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Integrating TWiki with other Web-based Applications

I have been curious about the prospects of integrating TWiki with other Web-based applications. For example, I've been using Gallery on my web site and I've thought it would be great to wiki-fy it abit, or at least wrap it within a skin that is compatible with my TWiki site.

Having a mechanism to either wrap TWiki around other applications, or inversely to insert a TWiki box within another programs, offers the attractions of:

  • the ability to add enhancements such as calendars, photo galleries, etc. without having design whole new plugins or modules within TWiki.
  • the ability to "wiki-fy" other applications for quick and easy annotation, linking, etc.

In my naiivity, I pondered the possibility of simply creating a frame-based skin that has the url for the other application in one frame and the url for an associated TWiki topic in the other. The Twiki topic would include the reference to the corresponding page in the other application.

I've seen a couple of references to folks who have incorporated other applications with TWiki. Any one willing to share their experience and methods? Anyone willing to comment on the general feasibility of this idea or suggestions of how I might pursue it further?

-- LynnwoodBrown - 25 Jul 2002


Discussion

This is certainly something I have pondered for a while. My main conclusion is that TWiki's Unique Selling Proposition is in its RenderingPipeline and that the rest could be made subserviant to an ApplicationServer. I think that either Zope or PostNuke would best as they have huge followings and interaction with those would draw more users to use TWiki as well as give TWiki a strong infrastructure.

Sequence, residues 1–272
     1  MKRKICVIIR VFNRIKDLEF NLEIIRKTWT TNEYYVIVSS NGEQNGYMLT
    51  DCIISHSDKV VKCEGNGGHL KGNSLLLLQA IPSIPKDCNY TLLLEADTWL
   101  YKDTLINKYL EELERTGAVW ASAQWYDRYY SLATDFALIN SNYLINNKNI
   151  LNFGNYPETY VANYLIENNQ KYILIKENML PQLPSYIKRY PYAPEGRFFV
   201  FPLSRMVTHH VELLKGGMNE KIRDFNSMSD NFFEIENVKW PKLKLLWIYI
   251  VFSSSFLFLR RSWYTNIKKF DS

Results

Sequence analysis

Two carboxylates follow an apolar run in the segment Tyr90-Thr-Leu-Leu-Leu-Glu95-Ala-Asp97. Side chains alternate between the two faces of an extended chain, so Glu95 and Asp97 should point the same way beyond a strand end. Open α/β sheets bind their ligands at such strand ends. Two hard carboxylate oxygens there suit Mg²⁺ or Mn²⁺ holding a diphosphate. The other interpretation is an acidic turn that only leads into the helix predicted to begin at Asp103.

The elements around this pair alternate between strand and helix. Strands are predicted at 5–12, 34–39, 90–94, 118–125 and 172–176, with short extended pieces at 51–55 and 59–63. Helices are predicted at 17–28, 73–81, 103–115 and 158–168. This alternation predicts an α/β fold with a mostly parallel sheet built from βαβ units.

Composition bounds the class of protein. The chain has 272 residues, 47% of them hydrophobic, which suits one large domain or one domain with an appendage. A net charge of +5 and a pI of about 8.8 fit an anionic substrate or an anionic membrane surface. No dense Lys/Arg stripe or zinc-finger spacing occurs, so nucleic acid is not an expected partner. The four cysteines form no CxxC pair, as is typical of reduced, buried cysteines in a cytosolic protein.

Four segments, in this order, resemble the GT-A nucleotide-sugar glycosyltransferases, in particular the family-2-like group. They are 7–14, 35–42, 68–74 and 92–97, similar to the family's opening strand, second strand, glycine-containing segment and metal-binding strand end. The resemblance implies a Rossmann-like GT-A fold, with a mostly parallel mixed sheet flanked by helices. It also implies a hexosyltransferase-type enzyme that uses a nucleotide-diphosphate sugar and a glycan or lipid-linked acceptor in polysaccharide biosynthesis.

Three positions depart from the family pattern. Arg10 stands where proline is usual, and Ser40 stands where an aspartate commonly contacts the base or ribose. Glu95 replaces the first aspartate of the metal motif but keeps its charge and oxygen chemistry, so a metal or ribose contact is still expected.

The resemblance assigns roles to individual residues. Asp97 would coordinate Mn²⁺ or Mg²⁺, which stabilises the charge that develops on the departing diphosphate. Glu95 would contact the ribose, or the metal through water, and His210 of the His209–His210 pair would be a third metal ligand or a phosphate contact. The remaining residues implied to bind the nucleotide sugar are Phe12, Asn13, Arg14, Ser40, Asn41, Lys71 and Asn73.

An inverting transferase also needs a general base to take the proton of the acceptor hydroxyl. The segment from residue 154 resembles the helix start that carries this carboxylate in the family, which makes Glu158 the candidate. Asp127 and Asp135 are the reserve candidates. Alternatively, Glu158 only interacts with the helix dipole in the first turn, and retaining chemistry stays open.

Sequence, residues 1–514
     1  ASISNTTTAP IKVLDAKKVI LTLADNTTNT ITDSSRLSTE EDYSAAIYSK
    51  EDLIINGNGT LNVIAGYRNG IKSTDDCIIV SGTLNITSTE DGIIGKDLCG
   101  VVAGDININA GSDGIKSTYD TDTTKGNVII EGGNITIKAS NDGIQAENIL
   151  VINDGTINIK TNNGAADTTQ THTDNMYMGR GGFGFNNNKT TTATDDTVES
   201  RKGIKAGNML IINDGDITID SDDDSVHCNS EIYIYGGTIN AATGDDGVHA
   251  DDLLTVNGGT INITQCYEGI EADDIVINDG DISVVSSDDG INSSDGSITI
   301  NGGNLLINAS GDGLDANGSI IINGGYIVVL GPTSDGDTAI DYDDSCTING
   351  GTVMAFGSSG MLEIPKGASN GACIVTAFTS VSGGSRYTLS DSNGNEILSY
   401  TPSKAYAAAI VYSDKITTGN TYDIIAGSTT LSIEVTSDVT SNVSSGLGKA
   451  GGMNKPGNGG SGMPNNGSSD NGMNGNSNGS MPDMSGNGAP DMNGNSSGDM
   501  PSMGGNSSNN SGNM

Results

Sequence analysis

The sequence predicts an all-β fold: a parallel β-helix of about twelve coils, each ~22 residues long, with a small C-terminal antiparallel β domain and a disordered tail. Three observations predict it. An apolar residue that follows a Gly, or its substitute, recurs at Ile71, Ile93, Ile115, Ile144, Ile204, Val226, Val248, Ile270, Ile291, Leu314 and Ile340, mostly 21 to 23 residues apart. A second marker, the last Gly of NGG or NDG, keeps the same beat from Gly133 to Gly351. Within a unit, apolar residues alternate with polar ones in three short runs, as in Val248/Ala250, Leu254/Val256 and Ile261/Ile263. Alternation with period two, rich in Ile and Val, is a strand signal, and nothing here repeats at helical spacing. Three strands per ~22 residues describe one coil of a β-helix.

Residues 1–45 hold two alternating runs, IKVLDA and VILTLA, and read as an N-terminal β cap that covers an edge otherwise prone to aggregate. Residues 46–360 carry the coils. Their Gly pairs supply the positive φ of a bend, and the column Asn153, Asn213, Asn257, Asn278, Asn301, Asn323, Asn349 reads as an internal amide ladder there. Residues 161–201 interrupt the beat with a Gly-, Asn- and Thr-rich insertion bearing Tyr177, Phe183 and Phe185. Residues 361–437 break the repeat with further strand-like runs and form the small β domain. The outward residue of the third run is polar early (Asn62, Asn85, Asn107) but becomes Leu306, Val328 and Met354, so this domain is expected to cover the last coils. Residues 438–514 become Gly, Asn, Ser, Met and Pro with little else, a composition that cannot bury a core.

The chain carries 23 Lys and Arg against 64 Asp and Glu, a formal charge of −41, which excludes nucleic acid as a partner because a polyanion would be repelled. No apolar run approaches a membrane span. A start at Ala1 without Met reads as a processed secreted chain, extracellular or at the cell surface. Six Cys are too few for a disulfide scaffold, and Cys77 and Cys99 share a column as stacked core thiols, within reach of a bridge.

Before any of that could happen, though, I think we need to modularise TWikiDotPm; please see and comment on CodevDocumentationProject and it's linked topics.

I'll write more when I have more time.

-- MartinCleaver - 26 Jul 2002

Of course we have a mechanism for wrapping TWiki around other apps; Plugins. We at Motorola make extensive use of this capability to portal everything from bug tracking databases to LDAP servers to CM systems.

In Peter's recent presentation he described TWiki as an ApplicationPlatform. Yes, it's that, but it has one big weakness; application integrators have to have write access to the TWiki installation.

Given that most TWiki installations are behind a firewall, and you can trust most, if not all, the users, I'd be OK with the idea of giving a user sufficient access to the web server to run some code. For example, to eval a perl program written in a topic. Ideally this perl's access to the files in the DB would be sandboxed, say limited to the current web.

-- CrawfordCurrie - 22 May 2003

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Topic revision: r4 - 2006-02-15 - PeterThoeny
 
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